Knowing the other’s talent, they push each other; and they push themselves for their lover. To have a future with Mia and to be the man that he thinks she wants, Seb signs a contract with the band that doesn’t entirely share his style of music. Mia brings him back to his senses in the argument as he starts to stray away from his dream. She wishes to do well with her one-woman performance that Seb has cheered her on to do, but it fails to have a big audience. What seems more despairing for her is that Seb doesn’t show up, making her dramatic move back home completely understandable (which some critics have pointed out as being unharmonious with Mia’s character, when it does make sense as their love was that important for her). Then Seb comes back to let Mia know of her audition and supports her in person this time, which does end up getting her on the track to realizing her dream.

After Mia’s successful audition, they intuitively know that they will have to part ways. Instead of saying goodbye, they tell each other that they’ll always love the other. Compared to the scene where they argue, the development in how they handle their love as two artists striving to become who they are destined to be is impressive. There is no room for miscommunication nor any need to say much anymore, because they sincerely understand one another. They trust in the unconditional love and support that the other has for them, and understand that the other’s utmost wish for them is to accomplish their dreams. Their success in the very end proved for me that their love, which came to their lives to ignite a spark of light, transcends time and space. Thus, I came to the conclusion that love, indeed, is a more fundamental theme in the film.


Now that I’m done with my long long analysis of why and how I watched La La Land with a focus on “love”, I want to move on to some other aspects of the film that I personally connected with.

I’m not always an emotional person, but the very first scene, a no-cut tracking shot of performers on a highway in LA, brought tears to my eyes. It reminded me of all the Uber drivers I met in LA who were aspiring screenwriters, actors and musicians. I’ve read reviews where people criticized the randomness of that first sequence, saying that it is an unnecessarily fancy performance; but it was more than a mere performance to me. It felt so real, having seen real people carrying on their lives with a smile, hoping to actualize their Hollywood dream one day. The fanciness of it brought more sorrow, because I could only imagine the effort the performers must have put in to get the scene to look so divine within a single take. I couldn’t help but think about all those actors and actresses whose names will pass me nevertheless.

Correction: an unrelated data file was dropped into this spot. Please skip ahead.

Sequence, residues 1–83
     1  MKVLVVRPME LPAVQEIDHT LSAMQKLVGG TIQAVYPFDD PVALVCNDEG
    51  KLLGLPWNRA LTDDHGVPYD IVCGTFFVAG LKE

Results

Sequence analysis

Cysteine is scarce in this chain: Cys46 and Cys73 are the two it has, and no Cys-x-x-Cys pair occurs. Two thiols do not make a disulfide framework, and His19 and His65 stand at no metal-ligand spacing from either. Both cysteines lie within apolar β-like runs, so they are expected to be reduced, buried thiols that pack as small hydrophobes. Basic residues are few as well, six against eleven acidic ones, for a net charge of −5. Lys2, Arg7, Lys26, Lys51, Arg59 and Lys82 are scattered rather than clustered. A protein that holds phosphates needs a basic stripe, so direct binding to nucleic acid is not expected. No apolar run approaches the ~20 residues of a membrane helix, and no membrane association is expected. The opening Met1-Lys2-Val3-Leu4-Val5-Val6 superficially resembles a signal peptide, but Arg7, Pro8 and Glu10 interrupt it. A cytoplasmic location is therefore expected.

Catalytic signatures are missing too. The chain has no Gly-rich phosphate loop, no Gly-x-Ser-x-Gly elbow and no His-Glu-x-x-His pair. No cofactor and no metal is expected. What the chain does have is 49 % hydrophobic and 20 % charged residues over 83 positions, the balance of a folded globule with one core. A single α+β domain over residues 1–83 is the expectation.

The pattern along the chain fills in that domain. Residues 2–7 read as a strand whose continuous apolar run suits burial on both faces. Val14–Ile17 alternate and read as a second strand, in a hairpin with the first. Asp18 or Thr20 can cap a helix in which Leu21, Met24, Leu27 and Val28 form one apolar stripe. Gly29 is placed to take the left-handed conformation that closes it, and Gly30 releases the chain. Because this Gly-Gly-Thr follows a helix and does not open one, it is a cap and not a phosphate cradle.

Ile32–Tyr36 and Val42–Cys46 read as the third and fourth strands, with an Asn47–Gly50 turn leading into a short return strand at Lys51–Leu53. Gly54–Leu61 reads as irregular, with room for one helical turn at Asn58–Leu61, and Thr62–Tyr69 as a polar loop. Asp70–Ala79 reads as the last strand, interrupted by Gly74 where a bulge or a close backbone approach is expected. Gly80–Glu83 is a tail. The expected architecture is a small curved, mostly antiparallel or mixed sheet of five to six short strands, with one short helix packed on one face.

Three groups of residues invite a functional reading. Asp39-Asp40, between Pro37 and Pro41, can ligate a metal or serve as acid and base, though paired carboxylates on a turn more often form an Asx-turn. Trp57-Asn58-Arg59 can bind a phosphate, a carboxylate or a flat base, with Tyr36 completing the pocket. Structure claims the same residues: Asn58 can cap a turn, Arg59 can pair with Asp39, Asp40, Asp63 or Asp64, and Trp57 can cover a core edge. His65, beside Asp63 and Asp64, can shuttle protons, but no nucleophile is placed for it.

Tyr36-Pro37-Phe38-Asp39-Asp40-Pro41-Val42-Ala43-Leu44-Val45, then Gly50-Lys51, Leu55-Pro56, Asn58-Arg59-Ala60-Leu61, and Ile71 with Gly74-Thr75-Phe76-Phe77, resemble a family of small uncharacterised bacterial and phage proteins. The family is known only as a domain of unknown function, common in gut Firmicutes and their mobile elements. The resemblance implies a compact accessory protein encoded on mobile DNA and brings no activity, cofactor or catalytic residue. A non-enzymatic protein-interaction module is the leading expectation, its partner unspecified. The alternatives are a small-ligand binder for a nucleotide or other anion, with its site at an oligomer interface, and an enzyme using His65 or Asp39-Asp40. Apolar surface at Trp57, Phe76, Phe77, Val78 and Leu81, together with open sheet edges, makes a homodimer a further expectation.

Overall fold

A detail I loved about the film was its use of colors. I noticed how the (mostly female) underdogs of the industry are presented in bright colored clothes. Mia is seen in dresses of all the colors of the rainbow. Even in her café uniform, she dons a bright light blue scarf and/or a red tote. Then after she becomes a successful actress, she is seen in monotones, namely black and white. Another use of color in the film that I fell in love with and want to mention is the LA sky during sunset. It’s not my intention to rebut every criticism I’ve read online about this film, but I must say something about the comments that the colors in the film are inattentive of the characters’ emotions or the flow of the story, but always pastel, purple, pretty and pointless. My opinion is that this film is an homage to the people of Hollywood who overcome adversities to bring something true in this world, but also to Hollywood itself that once amazed its audience with its visual spectaculars. All of the shots are breathtakingly beautiful and, most notably, real. I’ve heard from a reliable source that the colors of the sky and all of the backgrounds weren’t edited, and the crew had to wait for the right moment to come during sunset to capture the perfect color. A message I can draw out from this particular aspect would be that there is authenticity in the beauty that Hollywood presents, and we mustn’t override the realness of it, be it its environment or its people.

I’m attaching pictures I took of the sky last year in LA. I had fallen in love with a lot of things in that city, but nothing surpassed my adoration for its sky during sunset. It’s something I hold dear to my heart and I just had to protect it.




La La Land is a film that means so much to me. It picked me up when I was blinded by pessimism; and brought back memories of LA, with such passionate and warm-hearted people, and just incredibly beautiful in and of itself. I’m thankful, just entirely thankful.